How do I choose a leaf blower? – Simple Yet Expert Guide

When you want to buy a leaf blower/vacuum, it is important to know what you need and what you don’t want! There are different models of blowers, and not all of them may be suitable for your garden, your use or your budget. Let’s discover together how to choose your blower in 6 steps!

1. Choice of blower type

There are 3 main types of leaf blowers. They are:

  • Hand-held blower
  • Backpack blower
  • Foot-operated blower

Portable blowers are generally the cheapest on the market. In order to remain light enough to be used, they are usually limited in power (because small motors = lighter blowers). They can still feel quite heavy after prolonged use, so they are only recommended if you have a yard or a fairly small area that you can clear relatively quickly. If you have a larger yard, this may not be the best leaf blower for you.

Backpack blowers shift the weight of the motor to your back for long periods of use. They are more powerful than hand blowers and are suitable for larger courses up to 1 acre.

Walk-behind blowers are generally the most expensive on the market. The motor is mounted on a wheeled chassis, giving it unlimited size and weight. If you have several acres to maintain, this may be the best option for you.

2. Optional built-in features

The 3 types of blowers can be delivered with a vacuum cleaner and/or a grinder. vacuum leaf blowers have a black bag that attaches to the main body. After stacking your leaves, you can vacuum them out of the bag and take them easily to the sidewalk. vacuum leaf blowers and shredders shred the leafs as they are sucked in, saving space in the bag.

You can then spread the mulch leaves on the lawn as fertilizer. Shredders tend to have a reduction ratio that tells you how many bags of leaves a shredder can reduce to 1 bag (e.g. a 10:1 ratio means that a regular blower vacuum would need 10 bags to place as many leaves as this shredder can hold 1). These features are useful for large job sites where using a tarp to transport leaves can be extremely tedious, but they are also more expensive.

3. Power cubic metres per minute (Air flow rate)

Now that you’ve chosen the type of blower you need, it’s best to choose the fan power.The amount of air a leaf blower can blow out at a time is measured in cubic metres per minute. Some fans also have a km/h rating that sounds similar to a m3/min rating, but it does not always correlate to m3/min because it is measured differently. For this reason, it is best to avoid using Km/h to determine the power a fan can produce.

  • Blowers less than 5 m3/min are best used to clean patios and driveways only. They are not strong enough to easily push leaves on grassy ground or to clear bushes.
  • Blowers of 5 to 10 m3/min are best used to clear patios, driveways and small yards. They are not recommended for clearing yards larger than a quarter of an acre.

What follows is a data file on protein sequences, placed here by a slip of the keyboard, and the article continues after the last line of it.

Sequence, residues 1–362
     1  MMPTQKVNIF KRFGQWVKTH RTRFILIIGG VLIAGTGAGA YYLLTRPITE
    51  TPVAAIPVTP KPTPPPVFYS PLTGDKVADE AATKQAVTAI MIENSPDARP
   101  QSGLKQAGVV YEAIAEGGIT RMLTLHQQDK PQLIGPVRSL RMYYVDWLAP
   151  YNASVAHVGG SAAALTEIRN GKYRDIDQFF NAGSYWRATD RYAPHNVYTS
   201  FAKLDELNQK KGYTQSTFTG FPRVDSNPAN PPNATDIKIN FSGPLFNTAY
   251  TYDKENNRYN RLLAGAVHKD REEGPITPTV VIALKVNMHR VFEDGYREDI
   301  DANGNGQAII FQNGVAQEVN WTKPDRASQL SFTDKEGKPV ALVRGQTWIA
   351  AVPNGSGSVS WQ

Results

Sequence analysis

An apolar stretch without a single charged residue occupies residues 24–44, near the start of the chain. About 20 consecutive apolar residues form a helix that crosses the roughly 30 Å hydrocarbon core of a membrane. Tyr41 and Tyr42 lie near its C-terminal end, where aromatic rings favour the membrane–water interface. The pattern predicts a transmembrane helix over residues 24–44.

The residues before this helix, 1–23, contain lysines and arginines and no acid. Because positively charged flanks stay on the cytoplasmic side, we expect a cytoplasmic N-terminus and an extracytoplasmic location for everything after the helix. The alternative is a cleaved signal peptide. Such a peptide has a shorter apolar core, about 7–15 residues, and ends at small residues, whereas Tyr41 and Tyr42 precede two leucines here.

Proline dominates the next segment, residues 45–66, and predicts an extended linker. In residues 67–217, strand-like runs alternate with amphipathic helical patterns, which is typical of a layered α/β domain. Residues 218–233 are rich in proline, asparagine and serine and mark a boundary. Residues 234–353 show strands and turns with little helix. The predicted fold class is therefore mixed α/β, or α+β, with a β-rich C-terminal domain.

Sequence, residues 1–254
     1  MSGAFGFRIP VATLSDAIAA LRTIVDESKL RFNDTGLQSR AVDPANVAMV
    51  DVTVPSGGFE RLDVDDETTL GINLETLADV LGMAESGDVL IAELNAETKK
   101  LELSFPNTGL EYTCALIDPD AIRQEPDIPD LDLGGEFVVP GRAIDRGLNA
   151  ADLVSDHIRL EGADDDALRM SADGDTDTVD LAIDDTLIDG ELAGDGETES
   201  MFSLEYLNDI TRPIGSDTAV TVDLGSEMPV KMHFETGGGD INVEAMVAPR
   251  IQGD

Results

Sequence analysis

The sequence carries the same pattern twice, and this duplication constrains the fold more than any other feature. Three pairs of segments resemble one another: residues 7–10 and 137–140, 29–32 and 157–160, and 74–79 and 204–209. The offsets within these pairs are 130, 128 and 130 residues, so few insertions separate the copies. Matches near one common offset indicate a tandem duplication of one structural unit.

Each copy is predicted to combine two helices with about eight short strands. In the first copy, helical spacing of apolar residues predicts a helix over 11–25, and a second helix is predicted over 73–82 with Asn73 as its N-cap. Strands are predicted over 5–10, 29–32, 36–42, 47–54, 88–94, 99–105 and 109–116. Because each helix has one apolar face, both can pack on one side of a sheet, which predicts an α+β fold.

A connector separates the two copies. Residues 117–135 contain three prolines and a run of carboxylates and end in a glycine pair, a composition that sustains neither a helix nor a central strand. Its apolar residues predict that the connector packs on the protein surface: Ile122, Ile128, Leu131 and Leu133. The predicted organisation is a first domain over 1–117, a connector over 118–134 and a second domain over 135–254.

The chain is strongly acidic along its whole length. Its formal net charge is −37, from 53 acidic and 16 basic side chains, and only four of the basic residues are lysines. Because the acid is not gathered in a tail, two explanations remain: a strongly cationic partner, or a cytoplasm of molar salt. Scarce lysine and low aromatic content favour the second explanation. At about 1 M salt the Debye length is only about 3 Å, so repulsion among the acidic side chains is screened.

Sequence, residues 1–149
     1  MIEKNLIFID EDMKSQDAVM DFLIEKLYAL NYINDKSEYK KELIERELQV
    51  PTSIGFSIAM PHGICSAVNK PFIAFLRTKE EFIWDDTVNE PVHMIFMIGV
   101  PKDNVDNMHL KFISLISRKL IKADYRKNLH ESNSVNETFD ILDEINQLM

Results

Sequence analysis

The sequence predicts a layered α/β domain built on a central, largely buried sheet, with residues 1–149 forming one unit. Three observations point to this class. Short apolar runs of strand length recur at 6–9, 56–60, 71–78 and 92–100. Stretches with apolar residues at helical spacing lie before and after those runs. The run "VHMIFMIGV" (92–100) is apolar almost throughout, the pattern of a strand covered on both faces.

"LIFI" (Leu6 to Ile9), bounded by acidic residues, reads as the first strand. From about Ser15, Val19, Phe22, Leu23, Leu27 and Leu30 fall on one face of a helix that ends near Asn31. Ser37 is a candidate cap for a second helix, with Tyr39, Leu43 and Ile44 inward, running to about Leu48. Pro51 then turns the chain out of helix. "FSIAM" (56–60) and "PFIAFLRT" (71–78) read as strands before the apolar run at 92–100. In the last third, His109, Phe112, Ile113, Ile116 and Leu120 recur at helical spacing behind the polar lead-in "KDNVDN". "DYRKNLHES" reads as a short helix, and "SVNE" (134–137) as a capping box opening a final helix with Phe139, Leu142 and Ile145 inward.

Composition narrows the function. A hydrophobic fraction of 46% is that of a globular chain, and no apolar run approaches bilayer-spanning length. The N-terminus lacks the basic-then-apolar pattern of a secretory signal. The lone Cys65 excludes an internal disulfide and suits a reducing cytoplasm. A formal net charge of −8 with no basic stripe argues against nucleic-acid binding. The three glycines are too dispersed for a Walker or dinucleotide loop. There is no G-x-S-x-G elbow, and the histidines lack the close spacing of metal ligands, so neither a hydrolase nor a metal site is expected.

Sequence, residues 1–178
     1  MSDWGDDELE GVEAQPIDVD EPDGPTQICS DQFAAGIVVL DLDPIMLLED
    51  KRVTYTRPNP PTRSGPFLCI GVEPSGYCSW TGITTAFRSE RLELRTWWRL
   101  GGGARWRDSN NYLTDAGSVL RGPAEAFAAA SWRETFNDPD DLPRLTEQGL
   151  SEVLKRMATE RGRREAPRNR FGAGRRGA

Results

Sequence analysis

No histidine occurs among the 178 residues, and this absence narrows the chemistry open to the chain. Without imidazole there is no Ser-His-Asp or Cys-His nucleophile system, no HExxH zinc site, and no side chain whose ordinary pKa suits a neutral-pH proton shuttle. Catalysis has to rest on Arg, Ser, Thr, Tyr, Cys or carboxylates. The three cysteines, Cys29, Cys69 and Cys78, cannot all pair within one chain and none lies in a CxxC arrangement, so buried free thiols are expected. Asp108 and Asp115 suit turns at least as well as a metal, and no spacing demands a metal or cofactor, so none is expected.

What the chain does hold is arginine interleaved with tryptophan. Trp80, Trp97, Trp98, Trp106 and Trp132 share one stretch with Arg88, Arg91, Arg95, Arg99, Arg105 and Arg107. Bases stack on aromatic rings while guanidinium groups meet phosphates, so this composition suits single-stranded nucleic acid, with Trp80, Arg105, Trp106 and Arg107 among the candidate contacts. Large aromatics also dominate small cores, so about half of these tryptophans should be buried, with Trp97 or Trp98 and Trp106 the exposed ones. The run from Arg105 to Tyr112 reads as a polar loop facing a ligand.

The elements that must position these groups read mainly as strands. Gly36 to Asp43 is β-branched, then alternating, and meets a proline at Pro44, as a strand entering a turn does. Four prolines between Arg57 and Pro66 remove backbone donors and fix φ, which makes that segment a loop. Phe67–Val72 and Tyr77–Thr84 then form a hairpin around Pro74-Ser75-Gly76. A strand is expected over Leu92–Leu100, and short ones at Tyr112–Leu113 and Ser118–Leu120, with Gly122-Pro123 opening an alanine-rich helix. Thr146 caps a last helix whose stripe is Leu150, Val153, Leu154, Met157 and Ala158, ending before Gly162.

• Blowers with a capacity of 10 to 12 m3/min can be used for patios and driveways (although they are a bit heavy if that’s all you plan to use them for) and are ideal for small and medium sized yards. They are not recommended for courses larger than one acre.
  • Blowers of 12 to 14 m3/min are best used for jobsites of less than an acre, but are powerful enough to handle larger jobsites.
  • Blowers over 14 m3/min are best used for yards larger than an acre and can also clear smaller yards.

4. Local laws

Leaf blowers emit carbon emissions and noise when they are in operation. For this reason, some local governments have passed laws limiting the amount of carbon a blower can emit and the noise it can make.

The sound level is measured in dBA, or decibels. The lower the dBA rating, the quieter the leaf blower. Leaf blowers that are clean enough for most emissions laws are classified as “CARB compliant”. Be sure to check local laws before making a final purchase on a leaf blower.

5. Thermal vs. Electrical

Gasoline-powered blowers tend to be heavier and noisier than their electric counterparts, but that doesn’t necessarily mean that electricity is better. Then how do you know which one to choose? Take a look at our computer graphics for a list of pros and cons, but here’s what you should know:

Gasoline powered leaf blowers are better for long periods of use. They are the most powerful and are not encumbered by battery life or cord length. If you have a very large area, you need to clear then gas is a good way to go.

Keep in mind that the more powerful the fan is, the heavier it tends to be. You can buy 2- or 4-stroke blowers. 2-stroke engines are lighter and easier to maintain, but require a special mixture of gases to operate. 4-stroke engines are heavier and more expensive, but many 4-stroke engines can be used with regular gas. Check before you buy whether a 4-stroke engine can use regular gasoline or not.

Electric leaf blowers are better in neighborhoods because they tend to be quieter than gas blowers. They tend to emit fewer emissions and are better for the environment. Battery-operated blowers are not limited by the length of the cord, but blowers are powered by batteries and batteries discharge quickly, so estimate how long it will take you to clean your yard. Pay attention to the battery life, called run time, on models as you shop.

6. Protective equipment

Don’t forget to buy protective clothing when shopping for your best leaf blower. You do not want to risk injury by using an unprotected leaf blower! Some important accessories to purchase include

  • Safety glasses or visor with side shields to protect your eyes from all angles.
  • Earmuffs or earplugs to protect your ears from noise pollution.
  • Gloves to protect your hands from flying debris.
  • A dust mask if the area is particularly dusty to protect your nose and lungs.

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